From Coraline to Box Trolls and now Kubo And The Two Strings; Film Juice’s Janet Leigh delves further into the animation world with costume designer Debora Cook to find out exactly what it’s like to dress the miniature heroes we’ve come to know and love.
What’s the most interesting thing about designing costumes for stop motion?
Conceptually it’s the same [as building a costume for a person]. Their costumes drive their personality and support the story and the narrative as well but actually constructing it is quite different. What you get for free when you’re costuming for a human is [the way] humans move. The costume just follows them. But for stop frame? You have to … put some kind of structure in that costume that helps to make that costume move in a naturalistic way.
From start to finish how long, roughly, does it take to produce the costumes for the entire movie?
Our films take around two and a half years from start to finish and that includes all of the research that we do beforehand. I work with the director and the project designer, formulating the costumes. So we do maybe six months to a year before the rest of the crew become involved.
What was the most interesting costume you designed for Kubo And The Two Strings and why?
Doing the sister’s cloak was pretty amazing because that was really, really different and was not constructed from fabric as some of our cloaks have been before. It’s constructed from around 400 hundred individually shaped feathers that are all armatured into the puppet body. It’s all wired to link all of those feathers together. It was pretty interesting how that one evolved.
There are a lot of fight scenes. How do you create costumes with movement in mind?
Interestingly armpits and crotches are the most difficult things to pattern cut. Our characters are not regular human shapes, so that’s even more complex. The choice of materials is really vital. They need to have a certain amount of stretch in them but not too much or stretch in certain directions. We make several different versions of the costumes so we can test the puppet in its most extreme poses. We look ahead to the storyboard so that we can see what actions that character is actually going to take and make sure that the costume is going to stretch with them. We have an amazing rigging department as well here so what you don’t see is their help in making the characters move.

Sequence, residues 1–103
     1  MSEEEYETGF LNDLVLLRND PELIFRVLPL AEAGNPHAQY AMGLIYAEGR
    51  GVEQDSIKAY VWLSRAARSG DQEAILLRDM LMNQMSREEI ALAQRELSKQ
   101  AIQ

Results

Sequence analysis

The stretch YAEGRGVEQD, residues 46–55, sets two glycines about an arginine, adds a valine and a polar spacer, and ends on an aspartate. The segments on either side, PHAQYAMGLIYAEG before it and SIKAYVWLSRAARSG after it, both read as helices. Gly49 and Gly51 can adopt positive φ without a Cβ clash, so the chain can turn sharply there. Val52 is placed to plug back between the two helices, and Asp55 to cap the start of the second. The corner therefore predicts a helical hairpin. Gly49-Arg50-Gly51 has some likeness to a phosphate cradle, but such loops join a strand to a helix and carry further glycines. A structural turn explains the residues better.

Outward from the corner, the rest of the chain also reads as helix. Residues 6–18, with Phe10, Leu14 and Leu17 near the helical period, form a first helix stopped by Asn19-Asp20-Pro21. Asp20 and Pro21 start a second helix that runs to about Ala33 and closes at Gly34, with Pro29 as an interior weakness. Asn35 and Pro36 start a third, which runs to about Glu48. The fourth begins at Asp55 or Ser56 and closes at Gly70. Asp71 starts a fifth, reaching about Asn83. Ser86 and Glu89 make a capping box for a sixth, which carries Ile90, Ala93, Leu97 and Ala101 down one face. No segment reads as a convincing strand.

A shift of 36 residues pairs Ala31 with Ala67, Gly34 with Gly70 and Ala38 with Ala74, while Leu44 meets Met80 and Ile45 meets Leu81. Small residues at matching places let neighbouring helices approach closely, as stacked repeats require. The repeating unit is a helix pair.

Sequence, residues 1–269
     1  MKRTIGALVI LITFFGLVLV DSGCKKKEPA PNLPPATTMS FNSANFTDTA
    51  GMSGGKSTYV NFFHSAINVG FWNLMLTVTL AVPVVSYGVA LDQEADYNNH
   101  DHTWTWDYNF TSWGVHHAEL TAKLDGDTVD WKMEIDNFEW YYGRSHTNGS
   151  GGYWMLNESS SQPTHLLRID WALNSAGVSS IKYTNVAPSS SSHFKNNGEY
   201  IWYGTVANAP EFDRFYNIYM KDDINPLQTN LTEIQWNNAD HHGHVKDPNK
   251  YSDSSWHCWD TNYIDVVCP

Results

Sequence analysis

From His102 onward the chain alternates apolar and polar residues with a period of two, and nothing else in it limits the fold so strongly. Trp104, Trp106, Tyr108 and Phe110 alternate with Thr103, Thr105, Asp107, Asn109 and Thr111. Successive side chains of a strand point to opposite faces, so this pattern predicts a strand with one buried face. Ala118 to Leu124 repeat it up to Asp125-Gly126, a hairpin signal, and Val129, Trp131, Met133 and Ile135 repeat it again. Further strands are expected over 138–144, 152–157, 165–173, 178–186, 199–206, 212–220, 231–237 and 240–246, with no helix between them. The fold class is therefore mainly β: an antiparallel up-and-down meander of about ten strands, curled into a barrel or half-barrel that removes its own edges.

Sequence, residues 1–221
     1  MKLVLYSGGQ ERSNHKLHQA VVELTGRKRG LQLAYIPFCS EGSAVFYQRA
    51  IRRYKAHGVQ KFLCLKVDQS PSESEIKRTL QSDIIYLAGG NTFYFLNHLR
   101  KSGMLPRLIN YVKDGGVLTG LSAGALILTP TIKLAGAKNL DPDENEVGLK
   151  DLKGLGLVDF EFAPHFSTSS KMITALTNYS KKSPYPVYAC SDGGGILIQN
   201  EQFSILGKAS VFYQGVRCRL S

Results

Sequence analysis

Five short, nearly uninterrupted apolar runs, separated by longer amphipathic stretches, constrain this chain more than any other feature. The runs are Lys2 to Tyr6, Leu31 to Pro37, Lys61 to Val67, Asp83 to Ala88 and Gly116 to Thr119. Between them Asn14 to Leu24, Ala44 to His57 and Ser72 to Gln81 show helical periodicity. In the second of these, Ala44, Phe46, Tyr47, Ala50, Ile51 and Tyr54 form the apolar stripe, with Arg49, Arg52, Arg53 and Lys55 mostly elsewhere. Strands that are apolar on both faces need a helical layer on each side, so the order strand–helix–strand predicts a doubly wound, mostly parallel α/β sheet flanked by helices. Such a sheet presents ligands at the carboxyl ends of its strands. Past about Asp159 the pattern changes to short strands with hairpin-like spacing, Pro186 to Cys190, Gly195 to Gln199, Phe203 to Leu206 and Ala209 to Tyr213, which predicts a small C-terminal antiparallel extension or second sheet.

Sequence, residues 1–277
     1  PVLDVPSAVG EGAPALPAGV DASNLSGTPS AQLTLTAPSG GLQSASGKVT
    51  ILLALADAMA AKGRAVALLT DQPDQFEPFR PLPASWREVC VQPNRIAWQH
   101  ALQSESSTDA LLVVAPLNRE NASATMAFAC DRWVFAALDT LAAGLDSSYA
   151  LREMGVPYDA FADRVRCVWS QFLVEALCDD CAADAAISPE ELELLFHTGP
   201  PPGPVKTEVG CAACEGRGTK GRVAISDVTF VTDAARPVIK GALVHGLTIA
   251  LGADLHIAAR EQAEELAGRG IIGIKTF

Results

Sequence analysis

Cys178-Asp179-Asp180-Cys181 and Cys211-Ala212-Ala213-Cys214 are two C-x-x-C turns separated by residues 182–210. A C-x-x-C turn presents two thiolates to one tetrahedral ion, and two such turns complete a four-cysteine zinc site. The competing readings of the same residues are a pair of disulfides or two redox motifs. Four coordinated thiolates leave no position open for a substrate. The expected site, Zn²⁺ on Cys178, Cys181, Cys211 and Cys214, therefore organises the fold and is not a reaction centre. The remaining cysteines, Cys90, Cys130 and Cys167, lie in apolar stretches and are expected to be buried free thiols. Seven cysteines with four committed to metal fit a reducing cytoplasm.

Were there any disasters when crafting the pieces?
A few! When we’re trying out different fabrics and we run them through the laser cutter some of them will catch fire when you’re not quite sure of the fibre content! There are some funny wafts around the studio sometimes and you think ‘Oh dear, that one didn’t work, we’ll have to find a different fabric!’
Of all the Laika productions you’ve worked on, what’s been your favourite costume to make and what one are you most proud of?
I don’t think there’s any one costume, rather I think it’s the costume process itself [that I’m most proud of]. We’ve evolved our own process and I feel really proud to be quite a big part of that. Just finding new ways of doing things. I think our costumes get better and better with each film; become much more technically proficient. The costume team has grown here from six to 17 over the course of our films and the [the costumes] have become very specialised and quite unique in the animation world. We’ve definitely got our own flavour that isn’t comparable to any other studio and I think the costume development here has really lead that difference. I mean, there are certain aspects of different costumes where you suddenly come up with a new technique and you think *excited gasp* now we can use it for this and this. We’re building our own catalogue and library of techniques and processes that evolve over time as well. We’ve created a standout look for ourselves.
What are you working on next?
*Whispers conspiratorially* I’m not allowed to say. It’s all Top Secret but it’s going to be marvellous. We’re mid-shooting our next film at the moment and I’m working on the first part of the one after that so we’ve got lots and lots planned.
Does it lean more towards a Coraline vibe or a Kubo And The Two Strings?
I’m not allowed to say! It’s going to be a huge surprise and you’re going to love it.
When will it be out?
I think, approximately, it’s a year or so away.
Kubo and the Two Strings is out now on Blu-ray, DVD and Digital, courtesy of Universal Pictures (UK)